Sky watchers may want to mark their calendars for the peak of the Leonid meteor shower late night November 16 to dawn November 17th. The event is so named because meteors appear to stream from the constellation Leo the Lion, according to space.com.
A meteor shower occurs when Earth travels through specks of debris which hit our atmosphere and disintegrate in flashes of light, also known as shooting stars. The "parent" comet for the Leonid meteor shower is the Comet Tempel-Tuttle.
The Leonid meteor shower can best be viewed with dark, clear skies, away from city lights. Space.com also recommends watching for the meteors with just the naked eye - no binoculars or telescopes.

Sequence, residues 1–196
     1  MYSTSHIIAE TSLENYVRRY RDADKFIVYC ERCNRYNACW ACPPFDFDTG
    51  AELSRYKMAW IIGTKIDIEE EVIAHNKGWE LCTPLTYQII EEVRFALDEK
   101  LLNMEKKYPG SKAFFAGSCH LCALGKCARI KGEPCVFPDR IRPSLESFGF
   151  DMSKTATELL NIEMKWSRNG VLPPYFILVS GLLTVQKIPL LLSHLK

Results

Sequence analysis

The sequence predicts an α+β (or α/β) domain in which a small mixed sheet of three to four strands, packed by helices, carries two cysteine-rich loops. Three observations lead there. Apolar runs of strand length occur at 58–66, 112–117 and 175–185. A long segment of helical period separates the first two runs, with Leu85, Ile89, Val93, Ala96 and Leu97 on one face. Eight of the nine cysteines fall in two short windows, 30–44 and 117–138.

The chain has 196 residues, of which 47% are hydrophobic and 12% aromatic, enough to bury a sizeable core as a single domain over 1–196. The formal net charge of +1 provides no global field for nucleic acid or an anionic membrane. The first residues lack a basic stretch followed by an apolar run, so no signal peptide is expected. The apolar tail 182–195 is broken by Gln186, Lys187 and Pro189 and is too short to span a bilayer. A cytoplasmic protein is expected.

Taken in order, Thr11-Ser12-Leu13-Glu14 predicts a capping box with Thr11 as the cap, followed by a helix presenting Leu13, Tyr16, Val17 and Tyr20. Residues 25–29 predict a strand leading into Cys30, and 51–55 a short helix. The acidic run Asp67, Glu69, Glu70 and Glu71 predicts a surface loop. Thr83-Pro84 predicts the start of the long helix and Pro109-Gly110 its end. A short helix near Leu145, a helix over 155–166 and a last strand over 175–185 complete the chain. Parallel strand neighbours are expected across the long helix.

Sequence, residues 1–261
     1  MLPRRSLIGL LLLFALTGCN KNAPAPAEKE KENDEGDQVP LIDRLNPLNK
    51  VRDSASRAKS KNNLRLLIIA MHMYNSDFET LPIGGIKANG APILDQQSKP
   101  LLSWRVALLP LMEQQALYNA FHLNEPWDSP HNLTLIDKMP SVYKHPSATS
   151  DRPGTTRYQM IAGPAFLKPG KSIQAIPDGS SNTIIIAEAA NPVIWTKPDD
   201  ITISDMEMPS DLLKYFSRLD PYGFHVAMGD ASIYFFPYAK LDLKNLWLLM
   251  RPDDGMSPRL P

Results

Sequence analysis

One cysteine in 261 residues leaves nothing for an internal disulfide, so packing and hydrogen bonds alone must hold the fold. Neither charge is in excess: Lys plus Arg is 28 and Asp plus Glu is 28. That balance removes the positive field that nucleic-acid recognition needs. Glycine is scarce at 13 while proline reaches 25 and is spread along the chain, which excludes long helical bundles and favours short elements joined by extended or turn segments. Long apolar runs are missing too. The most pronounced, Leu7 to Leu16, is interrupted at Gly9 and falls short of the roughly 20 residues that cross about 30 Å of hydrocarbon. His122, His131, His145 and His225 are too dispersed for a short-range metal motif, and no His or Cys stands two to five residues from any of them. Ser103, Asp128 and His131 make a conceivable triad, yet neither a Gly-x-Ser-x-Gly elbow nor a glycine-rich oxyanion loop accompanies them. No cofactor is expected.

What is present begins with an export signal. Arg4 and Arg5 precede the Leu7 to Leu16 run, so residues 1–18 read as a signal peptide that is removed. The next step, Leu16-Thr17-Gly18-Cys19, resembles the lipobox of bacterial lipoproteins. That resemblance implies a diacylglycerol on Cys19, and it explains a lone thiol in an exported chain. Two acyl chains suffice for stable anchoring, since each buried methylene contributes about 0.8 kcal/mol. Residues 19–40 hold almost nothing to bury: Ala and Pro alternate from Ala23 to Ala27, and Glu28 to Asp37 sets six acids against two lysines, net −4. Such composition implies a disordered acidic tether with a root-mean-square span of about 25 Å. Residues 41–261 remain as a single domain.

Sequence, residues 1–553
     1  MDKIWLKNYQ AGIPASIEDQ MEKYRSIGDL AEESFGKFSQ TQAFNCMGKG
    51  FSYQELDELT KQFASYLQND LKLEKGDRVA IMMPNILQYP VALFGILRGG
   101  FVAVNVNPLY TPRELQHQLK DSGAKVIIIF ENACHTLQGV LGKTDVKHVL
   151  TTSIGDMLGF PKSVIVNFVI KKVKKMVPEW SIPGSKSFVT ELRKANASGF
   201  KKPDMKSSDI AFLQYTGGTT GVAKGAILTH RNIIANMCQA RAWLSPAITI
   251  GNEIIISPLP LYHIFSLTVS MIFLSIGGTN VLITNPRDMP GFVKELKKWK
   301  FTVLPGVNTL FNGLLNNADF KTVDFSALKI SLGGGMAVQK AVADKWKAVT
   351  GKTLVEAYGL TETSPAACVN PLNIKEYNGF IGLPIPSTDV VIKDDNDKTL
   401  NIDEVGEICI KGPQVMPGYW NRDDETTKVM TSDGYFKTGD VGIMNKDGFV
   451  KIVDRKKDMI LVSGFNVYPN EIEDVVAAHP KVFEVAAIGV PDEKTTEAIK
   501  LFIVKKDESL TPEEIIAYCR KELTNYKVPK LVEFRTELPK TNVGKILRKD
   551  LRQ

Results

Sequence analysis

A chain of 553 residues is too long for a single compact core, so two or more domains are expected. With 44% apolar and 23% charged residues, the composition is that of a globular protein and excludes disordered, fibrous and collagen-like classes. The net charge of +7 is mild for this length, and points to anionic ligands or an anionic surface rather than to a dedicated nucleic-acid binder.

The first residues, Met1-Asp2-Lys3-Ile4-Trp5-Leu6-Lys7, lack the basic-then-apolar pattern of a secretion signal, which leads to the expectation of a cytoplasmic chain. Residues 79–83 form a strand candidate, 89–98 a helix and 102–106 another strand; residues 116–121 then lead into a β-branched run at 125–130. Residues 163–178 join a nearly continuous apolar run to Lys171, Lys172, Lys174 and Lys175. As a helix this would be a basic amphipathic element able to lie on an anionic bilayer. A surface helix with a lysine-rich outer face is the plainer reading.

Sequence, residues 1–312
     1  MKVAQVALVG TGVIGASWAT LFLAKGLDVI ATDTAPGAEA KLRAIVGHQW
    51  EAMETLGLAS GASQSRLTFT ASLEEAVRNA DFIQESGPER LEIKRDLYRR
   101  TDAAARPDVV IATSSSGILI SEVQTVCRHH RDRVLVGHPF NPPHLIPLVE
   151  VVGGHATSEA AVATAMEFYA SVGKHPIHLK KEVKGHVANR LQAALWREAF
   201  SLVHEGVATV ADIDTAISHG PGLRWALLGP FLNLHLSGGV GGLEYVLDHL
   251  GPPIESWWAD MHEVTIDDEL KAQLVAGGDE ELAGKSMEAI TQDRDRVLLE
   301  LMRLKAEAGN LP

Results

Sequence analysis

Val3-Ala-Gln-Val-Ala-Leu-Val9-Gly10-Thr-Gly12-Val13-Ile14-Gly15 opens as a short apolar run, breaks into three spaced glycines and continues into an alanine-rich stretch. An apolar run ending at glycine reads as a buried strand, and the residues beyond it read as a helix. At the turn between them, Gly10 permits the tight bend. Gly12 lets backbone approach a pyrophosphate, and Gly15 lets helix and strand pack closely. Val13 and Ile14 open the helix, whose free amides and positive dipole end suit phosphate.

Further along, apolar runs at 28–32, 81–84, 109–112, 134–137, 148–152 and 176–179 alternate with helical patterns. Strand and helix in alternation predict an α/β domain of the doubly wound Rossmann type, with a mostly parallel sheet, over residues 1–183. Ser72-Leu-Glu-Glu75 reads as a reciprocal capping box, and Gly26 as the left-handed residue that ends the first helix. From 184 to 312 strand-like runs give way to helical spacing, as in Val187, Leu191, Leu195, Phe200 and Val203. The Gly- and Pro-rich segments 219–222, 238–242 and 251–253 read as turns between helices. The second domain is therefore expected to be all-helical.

The News On 6 weather team expects skies to be mostly clear Saturday night.
At its peak, the meteor count is expected to be about 15 per hour. The before dawn hours of Tuesday, November 20 are also recommended for trying to view the Leonid meteor shower.